Amyloid-beta plaque growth in cognitively normal adults: Longitudinal [11C]Pittsburgh compound B data

Authors

  • Andrei G. Vlassenko MD, PhD,

    1. Department of Radiology, Washington University School of Medicine, St Louis, MO
    2. Charles F. and Joanne Knight Alzheimer Disease Research Center, Washington University School of Medicine, St Louis, MO
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  • Mark A. Mintun MD,

    1. Department of Radiology, Washington University School of Medicine, St Louis, MO
    2. Avid Radiopharmaceuticals, Philadelphia, PA
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  • Chengjie Xiong PhD,

    1. Charles F. and Joanne Knight Alzheimer Disease Research Center, Washington University School of Medicine, St Louis, MO
    2. Division of Biostatistics, Washington University School of Medicine, St Louis, MO
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  • Yvette I. Sheline MD,

    1. Department of Radiology, Washington University School of Medicine, St Louis, MO
    2. Charles F. and Joanne Knight Alzheimer Disease Research Center, Washington University School of Medicine, St Louis, MO
    3. Department of Psychiatry, Washington University School of Medicine, St Louis, MO
    4. Department of Neurology, Washington University School of Medicine, St Louis, MO
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  • Alison M. Goate DPhil,

    1. Charles F. and Joanne Knight Alzheimer Disease Research Center, Washington University School of Medicine, St Louis, MO
    2. Department of Psychiatry, Washington University School of Medicine, St Louis, MO
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  • Tammie L. S. Benzinger MD, PhD,

    1. Department of Radiology, Washington University School of Medicine, St Louis, MO
    2. Charles F. and Joanne Knight Alzheimer Disease Research Center, Washington University School of Medicine, St Louis, MO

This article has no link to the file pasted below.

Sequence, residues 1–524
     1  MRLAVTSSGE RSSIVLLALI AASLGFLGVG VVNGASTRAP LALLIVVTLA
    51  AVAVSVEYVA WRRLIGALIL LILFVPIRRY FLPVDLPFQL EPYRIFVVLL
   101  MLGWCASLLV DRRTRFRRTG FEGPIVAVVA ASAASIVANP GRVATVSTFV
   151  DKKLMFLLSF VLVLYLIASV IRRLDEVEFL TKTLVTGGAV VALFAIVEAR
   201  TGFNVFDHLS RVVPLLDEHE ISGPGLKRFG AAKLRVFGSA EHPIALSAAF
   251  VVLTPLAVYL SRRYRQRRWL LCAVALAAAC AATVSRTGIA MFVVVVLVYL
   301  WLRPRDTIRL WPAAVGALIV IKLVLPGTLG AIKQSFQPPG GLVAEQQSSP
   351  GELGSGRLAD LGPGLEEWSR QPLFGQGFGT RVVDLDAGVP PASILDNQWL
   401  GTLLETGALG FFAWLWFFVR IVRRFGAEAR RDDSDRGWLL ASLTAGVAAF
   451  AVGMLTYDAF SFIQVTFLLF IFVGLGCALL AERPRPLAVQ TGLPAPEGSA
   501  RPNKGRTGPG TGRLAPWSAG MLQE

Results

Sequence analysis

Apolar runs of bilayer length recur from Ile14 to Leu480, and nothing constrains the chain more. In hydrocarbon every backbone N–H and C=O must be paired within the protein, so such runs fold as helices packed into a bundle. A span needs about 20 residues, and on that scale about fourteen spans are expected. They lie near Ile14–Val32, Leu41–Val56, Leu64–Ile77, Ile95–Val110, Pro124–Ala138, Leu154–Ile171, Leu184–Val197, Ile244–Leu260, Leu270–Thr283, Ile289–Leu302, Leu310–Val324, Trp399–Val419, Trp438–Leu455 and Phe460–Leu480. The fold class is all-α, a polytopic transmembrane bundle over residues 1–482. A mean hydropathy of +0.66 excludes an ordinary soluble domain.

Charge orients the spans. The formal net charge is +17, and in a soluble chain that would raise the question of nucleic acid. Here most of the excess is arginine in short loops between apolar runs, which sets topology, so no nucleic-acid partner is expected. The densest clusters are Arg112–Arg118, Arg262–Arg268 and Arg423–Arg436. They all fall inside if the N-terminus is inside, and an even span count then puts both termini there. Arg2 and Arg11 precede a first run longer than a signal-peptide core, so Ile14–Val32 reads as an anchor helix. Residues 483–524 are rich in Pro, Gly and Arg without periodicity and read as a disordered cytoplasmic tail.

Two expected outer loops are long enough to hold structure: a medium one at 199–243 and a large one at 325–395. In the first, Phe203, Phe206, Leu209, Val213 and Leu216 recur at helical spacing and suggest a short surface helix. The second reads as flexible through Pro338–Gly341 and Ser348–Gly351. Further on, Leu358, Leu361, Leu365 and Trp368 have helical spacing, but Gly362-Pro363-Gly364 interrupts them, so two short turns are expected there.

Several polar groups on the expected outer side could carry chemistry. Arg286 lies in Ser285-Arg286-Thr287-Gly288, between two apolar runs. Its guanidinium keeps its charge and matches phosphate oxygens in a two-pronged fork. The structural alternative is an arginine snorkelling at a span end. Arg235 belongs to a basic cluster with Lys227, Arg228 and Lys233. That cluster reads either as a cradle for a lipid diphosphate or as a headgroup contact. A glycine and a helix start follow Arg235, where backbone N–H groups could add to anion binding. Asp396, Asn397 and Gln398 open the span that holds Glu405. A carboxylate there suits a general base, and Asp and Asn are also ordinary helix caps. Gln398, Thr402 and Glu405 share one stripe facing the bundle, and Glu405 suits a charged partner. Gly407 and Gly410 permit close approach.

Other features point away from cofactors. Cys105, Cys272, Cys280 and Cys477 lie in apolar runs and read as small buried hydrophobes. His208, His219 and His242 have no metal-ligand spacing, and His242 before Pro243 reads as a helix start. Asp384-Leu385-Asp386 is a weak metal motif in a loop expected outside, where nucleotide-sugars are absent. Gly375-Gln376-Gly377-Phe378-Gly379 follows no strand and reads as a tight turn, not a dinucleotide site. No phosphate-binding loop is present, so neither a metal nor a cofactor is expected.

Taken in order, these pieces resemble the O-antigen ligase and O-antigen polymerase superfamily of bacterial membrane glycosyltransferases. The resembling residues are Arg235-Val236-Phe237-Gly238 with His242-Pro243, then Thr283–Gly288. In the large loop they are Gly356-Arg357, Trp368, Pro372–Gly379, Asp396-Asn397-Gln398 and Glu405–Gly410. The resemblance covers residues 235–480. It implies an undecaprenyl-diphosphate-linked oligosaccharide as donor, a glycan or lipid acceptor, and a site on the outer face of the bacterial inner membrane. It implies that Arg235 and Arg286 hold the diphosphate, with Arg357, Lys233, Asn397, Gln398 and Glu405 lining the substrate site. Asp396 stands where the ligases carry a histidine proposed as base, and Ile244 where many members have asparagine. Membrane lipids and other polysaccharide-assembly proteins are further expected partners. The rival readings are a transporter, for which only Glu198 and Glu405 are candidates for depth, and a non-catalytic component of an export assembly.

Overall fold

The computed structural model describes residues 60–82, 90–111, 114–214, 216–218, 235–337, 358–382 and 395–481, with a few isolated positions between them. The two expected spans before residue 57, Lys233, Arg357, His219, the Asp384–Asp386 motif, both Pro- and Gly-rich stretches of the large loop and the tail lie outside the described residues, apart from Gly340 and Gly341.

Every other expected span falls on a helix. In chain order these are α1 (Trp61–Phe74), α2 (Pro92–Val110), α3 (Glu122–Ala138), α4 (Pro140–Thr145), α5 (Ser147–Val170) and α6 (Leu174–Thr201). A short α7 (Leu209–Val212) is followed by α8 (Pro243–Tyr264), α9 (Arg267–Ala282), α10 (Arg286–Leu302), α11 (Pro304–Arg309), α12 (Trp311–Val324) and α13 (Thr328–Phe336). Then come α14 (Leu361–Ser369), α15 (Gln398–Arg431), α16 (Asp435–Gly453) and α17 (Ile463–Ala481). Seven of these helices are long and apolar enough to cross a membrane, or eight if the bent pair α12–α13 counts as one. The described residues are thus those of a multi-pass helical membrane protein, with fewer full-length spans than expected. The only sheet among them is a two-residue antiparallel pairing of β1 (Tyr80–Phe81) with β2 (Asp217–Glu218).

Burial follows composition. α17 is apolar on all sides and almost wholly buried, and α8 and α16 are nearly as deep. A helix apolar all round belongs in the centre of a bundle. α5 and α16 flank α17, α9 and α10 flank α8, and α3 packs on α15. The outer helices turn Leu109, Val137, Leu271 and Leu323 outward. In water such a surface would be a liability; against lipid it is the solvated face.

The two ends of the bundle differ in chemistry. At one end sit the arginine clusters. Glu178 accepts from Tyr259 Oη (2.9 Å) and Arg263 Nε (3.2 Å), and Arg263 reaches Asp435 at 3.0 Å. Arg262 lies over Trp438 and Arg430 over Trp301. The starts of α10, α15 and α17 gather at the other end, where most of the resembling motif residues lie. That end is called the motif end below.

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  • John C. Morris MD

    Corresponding author
    1. Charles F. and Joanne Knight Alzheimer Disease Research Center, Washington University School of Medicine, St Louis, MO
    2. Department of Neurology, Washington University School of Medicine, St Louis, MO
    • Friedman Distinguished Professor of Neurology, Director, Knight Alzheimer Disease Research Center, Director, Harvey A. Friedman Center for Aging, Washington University School of Medicine, 4488 Forest Park Avenue, Suite 130, St Louis, MO 63108
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Abstract

Amyloid-beta (Aβ) accumulation was evaluated with 2 [11C]Pittsburgh compound B (PiB) positron emission tomography scans about 2.5 years apart in 146 cognitively normal adults. Seventeen of 21 participants with initially elevated Aβ deposition demonstrated subsequent Aβ plaque growth (approximately 8.0% per year), and none reverted to a state of no Aβ deposits. Ten individuals converted from negative to positive PiB status, based on a threshold of the mean cortical binding potential, representing a conversion rate of 3.1% per year. Individuals with an ε4 allele of apolipoprotein E demonstrated increased incidence of conversion (7.0% per year). Our findings suggest that the major growth in Aβ burden occurs during a preclinical stage of Alzheimer disease (AD), prior to the onset of AD-related symptoms. Ann Neurol 2011

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